Locating family roots in California can be complex due to the blending of so many different ethnic cultures. A recent article in the Los Angeles Times noted that in the city of Los Angeles alone there are close to 200 different languages or derivatives of languages spoken. California’s current population is almost 39 million and the state covers 163,695 miles. It is a vast area for someone who is researching family ancestry.
Native Americans were the earliest inhabitants of the state. In researching Native American ancestry it is helpful to first know about: family histories, Tribal enrollment records, school and church records, and wills or probate records.
The Family Search provides an excellent starting point for researching Native American roots: https://familysearch.org/wiki/en/American_Indian_Genealogy
California has the highest total number of Hispanics of any U.S. state. Hispanics are the largest single ethnic group in the state. Many families can trace their roots back to the time when California was created by a Spanish land grant prior the Gold Rush of 1848. In order to research genealogy of Hispanic families, it is important to know the father’s surname and the location in Mexico where the family originated. Here’s some websites to begin researching Hispanic genealogy:
- Southern California Genealogical Society and Family Research Library- Mexican-American Genealogy
- Hispanic Genealogical Information: Even though it is based in Texas it stores databases on families from Northern Mexico, South Texas, California, and New Mexico.
- California Spanish Genealogy: This site contains links to various Hispanic societies covering most of the regions of the state.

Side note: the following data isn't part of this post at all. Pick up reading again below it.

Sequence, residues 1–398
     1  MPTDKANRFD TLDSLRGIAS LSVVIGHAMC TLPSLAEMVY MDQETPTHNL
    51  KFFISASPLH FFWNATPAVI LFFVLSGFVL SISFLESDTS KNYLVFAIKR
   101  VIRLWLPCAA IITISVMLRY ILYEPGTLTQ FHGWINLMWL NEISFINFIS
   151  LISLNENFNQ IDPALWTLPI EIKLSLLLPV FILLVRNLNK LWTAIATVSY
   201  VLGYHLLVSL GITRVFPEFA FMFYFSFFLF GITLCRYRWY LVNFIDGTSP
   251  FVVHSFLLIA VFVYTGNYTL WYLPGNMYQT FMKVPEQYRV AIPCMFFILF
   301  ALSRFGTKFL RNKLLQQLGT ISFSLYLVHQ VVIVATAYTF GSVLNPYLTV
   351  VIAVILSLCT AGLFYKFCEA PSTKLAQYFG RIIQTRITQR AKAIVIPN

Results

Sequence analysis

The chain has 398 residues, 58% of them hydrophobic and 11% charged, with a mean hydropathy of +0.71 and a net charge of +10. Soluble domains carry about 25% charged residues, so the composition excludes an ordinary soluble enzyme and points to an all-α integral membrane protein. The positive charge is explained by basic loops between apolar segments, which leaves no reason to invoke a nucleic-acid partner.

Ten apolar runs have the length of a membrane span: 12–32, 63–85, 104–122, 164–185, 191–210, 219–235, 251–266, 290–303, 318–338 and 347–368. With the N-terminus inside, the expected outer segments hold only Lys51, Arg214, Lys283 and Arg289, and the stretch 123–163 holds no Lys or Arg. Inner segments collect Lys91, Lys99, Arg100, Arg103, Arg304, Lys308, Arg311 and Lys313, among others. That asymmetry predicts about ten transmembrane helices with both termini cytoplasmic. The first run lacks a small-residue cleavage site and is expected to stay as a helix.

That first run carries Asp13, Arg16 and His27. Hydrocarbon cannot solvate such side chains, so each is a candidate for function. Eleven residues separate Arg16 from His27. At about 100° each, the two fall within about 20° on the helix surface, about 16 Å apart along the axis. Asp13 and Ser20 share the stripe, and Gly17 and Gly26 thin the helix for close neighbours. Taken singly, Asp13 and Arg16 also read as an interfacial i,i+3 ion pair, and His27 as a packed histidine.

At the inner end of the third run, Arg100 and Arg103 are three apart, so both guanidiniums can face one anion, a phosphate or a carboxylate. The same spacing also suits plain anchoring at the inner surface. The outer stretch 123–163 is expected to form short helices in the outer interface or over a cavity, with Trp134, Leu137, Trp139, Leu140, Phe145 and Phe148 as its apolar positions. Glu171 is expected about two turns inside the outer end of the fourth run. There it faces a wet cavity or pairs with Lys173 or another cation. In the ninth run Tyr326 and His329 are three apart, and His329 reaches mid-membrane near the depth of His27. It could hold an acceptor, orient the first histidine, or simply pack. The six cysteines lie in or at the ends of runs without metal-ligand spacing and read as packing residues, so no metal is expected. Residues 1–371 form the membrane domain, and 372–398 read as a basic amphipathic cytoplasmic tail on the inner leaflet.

California’s typically warm Mediterranean climate and economic opportunities caused an increase in the population, especially people who arrived from Western European countries. Large numbers of people came from countries including England, France, Italy, Germany, Ireland, and Armenia. The Statistical Atlas indicates the ethnic composition of various counties in California. Knowing, for example, where to locate the major settlements of Italians, German or Irish people might be a first step in moving forward with family research. Here’s some resources to explore:
- Family Search: Start with the “Search Records” section.
- Genealogy Register: The “Surname Search” will provide possible leads to other research sites.
For Irish family history, try these websites: Ireland GenWeb for the Republic of Ireland and Northern Ireland GenWeb for Northern Ireland. See the extensive section in Cyndi’s List for France for French genealogy. For help locating original records, search FrancoGene for Franco-American family history and American-French Genealogical Society’s website for French-Canadian family history. Try Italian Genealogical Group for Italian and Sicilian family history.
Other early ethnic cultures to settle in California included the Chinese. Many people immigrated to California in the 19th century. Chinatown in San Francisco is the oldest and largest Chinese community in the United States. A few of the sites for researching Chinese ancestry in California include:
- Chinese Family History Group
- Angel Island Immigration Station Foundation
- The Chinese American Museum of Los Angeles
- Chinese Historical Society of America, San Francisco
Other Asian nationalities that settled in large numbers in California include people who arrived from Japan, Korea, the Philippines and Vietnam. California has the largest number of people who speak either Vietnamese or Chinese in the United States. In addition, in California there is also the third highest concentration of Tagalog speakers in the United States.
A help in researching African American roots in California is California African American Genealogical Society (CAAGS). The mission of the organization is
to foster genealogical research and documentation and the publication of sound genealogical research. The purpose of the organization is to encourage and support the utilization of genealogy as a tool for Americans to become aware of their history, heritage and self-worth.
Another excellent resource, is a free online article by NPR (National Public Radio), called An Internet Guide How To Find Your Family History & Cultural Roots (April 2004 edition) by Dr. Andy Anderson Wells Fargo Chief Historian. This source is thirteen years old but still provides valuable information for researching numerous ethnic groups.
Taking the important first step is crucial in order to uncover the puzzling and mysterious information about your family heritage.